Horrorible Review: “The Dead Don’t Die”

The Dead Don't Die movie poster

CFR: In Addition: I know it is odd to start with an In Addition, however, I must. We must! This is not the first time The Dead Don’t Die has been on the site. I enthusiastically talked about the trailer here: TRAILERS: “DEAD DON’T DIE”. Mildred and I were so excited about this movie!! I mean great cast, edgy writer/director, what could go wrong? All of it. No really. All of it. It was such a shame this movie wasn’t as good as the trailers promised. It could have been great. Instead, if was a huge disappointment. I think this is because writer/director Jim Jarmusch doesn’t know how to end a story. Just me. 

Thanks to Mildred for taking one for the team and actually writing about the movie. I salute her. 

The Dead Don’t Die

Be sure to get your CD of The Dead Don’t Die, a catchy country tune that plays over the opening credits and comes back to haunt the movie again and again. And again. In case you don’t notice that it’s the theme song, one of the movie’s characters makes sure to say it as they stand around stiffly talking past each other, “It’s the theme song.”

Was that supposed to be funny? Hard to say because nothing works in this film. As the actors stand around rigidly they speak in a monotone to a point in the distance off camera instead of to each other. The dialogue is stilted and meanders around as disjointedly as a zombie. When the twangy theme song isn’t blasting out of a car radio there is very little music and the sound is muted as if they filmed with a quilt taped onto the boom mike.

Listed in the imdb as first a comedy, then a fantasy, then a horror, The Dead Don’t Die is a cold blooded mess from beginning to end – especially the end, which is as bad as the end of a Stephen King novel. Polar fracking has screwed up the Earth’s tilt and rotation and whatever, causing the dead to rise and head toward whatever they favored most in life, as in the original Dawn of the Dead where we first heard, “They’re after the place. They don’t know why, they just remember.” For this movie, it’s off to the café for coffee, unless you’re a kid zombie and want that new toy just in off the WU-PS truck.

Was that funny? Yeah, almost. Maybe if the director didn’t take twenty minutes telling that lame joke. Mixed with the tardus corporeal humor are many images and ideas from the first two George Romero zombie films, with the notable exception of them immediately referring to the undead as zombies. There are many kinds of undead, which has long been a Romero staple, from the “hipsters from Cleveland” who drive into town in their 1967 Pontiac LeMans to grandma in her nightie to the town’s painted lady. Other images you’ll notice is the boarded-up door with fingers reaching through, tv graphics that mirror that of the original Night of the Living Dead’s black and white tv PSA and dead hands slapping onto fogged over glass as in Dawn of the Dead. It’s all very pat and screams of “Look at me! I’m an auteur who watched a zombie movie!”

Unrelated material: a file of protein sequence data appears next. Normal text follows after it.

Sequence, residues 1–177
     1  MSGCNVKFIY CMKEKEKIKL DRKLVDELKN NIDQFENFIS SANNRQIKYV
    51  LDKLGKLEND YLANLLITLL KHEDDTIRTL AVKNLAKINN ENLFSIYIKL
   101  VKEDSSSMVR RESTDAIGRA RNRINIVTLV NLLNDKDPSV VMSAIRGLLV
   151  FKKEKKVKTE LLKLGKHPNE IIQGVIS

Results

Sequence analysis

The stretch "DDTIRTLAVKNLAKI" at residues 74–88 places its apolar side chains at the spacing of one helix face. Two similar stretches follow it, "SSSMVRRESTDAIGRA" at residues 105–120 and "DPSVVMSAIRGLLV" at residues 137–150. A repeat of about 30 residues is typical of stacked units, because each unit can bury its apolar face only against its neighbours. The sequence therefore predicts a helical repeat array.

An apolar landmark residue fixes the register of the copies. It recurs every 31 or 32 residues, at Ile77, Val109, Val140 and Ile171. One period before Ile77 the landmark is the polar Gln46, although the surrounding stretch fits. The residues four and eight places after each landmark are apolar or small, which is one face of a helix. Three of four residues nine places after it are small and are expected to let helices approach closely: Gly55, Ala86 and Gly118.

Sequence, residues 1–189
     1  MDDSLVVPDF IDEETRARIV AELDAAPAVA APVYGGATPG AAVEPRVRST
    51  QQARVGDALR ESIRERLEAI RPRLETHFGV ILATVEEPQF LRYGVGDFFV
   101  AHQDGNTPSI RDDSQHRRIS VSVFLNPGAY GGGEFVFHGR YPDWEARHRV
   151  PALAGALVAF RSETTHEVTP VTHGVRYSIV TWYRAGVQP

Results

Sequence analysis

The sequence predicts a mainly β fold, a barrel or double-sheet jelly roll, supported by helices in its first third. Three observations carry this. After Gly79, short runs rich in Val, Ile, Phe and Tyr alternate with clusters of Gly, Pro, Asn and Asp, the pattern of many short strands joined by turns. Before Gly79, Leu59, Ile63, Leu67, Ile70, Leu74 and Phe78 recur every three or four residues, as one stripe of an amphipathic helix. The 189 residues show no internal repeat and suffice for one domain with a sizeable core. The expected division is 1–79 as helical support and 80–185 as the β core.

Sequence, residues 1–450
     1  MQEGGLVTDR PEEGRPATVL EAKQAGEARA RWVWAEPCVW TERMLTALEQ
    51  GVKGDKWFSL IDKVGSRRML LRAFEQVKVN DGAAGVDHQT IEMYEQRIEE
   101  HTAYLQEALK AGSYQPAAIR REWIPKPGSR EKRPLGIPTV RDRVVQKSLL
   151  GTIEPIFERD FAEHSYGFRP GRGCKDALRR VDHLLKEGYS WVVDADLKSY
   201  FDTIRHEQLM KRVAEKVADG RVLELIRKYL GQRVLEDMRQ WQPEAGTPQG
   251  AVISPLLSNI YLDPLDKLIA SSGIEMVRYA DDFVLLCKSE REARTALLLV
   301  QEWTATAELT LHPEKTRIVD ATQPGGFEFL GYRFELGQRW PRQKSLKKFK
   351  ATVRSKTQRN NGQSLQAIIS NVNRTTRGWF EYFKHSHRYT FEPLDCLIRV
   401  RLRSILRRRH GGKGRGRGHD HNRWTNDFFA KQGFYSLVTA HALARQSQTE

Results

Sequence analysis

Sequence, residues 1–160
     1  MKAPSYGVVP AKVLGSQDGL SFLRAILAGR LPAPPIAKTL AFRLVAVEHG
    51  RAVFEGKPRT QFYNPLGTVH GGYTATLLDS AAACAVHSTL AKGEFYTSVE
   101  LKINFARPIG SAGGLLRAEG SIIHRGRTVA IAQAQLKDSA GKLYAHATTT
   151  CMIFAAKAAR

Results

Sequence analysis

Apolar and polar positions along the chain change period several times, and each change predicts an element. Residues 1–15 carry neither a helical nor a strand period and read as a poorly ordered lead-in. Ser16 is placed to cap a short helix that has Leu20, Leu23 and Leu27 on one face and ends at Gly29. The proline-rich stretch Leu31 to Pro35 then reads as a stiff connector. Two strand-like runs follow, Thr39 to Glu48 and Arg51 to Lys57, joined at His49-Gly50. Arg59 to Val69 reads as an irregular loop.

For a bare moment, after the interminable and suspenseless lead up to actual zombies digging their way out of the grave to make it an actual zombie movie, it was kinda funny. (Zombies don’t do that in movies, by the way, except Children Shouldn’t Play with Dead Things). And then back to the aimless nothingness of dialogue that regularly broke the fourth wall in what I suspect was another attempt at humor until the characters’ stilted inactivity was cut short by the closing credits. I’ve rarely been happier to see those come up.

So we have a zombie movie with not much zombie action and even less fighting of zombies, with a slew of big name actors (who I will mercifully not embarrass by mentioning them in this review) moving, driving and speaking more slowly than the dead with lines like “Was it wild animals? Several wild animals?” repeated by several characters like a round of Row Row Row Your Boat. When we finally get to the end the movie becomes both ridiculous and ridiculously predictable, and then you go do shots to get it out of your head.

Was it funny? No. Was it horror? No. Was it fantasy? On maybe a grade school level. This movie should win an academy award for most misleading trailer, and then be buried at the bottom of the polar fracking.


THE DEAD DON’T DIE | Official Trailer | Focus Features

One response to “Horrorible Review: “The Dead Don’t Die”

Leave a Reply

Fill in your details below or click an icon to log in:

WordPress.com Logo

You are commenting using your WordPress.com account. Log Out /  Change )

Twitter picture

You are commenting using your Twitter account. Log Out /  Change )

Facebook photo

You are commenting using your Facebook account. Log Out /  Change )

Connecting to %s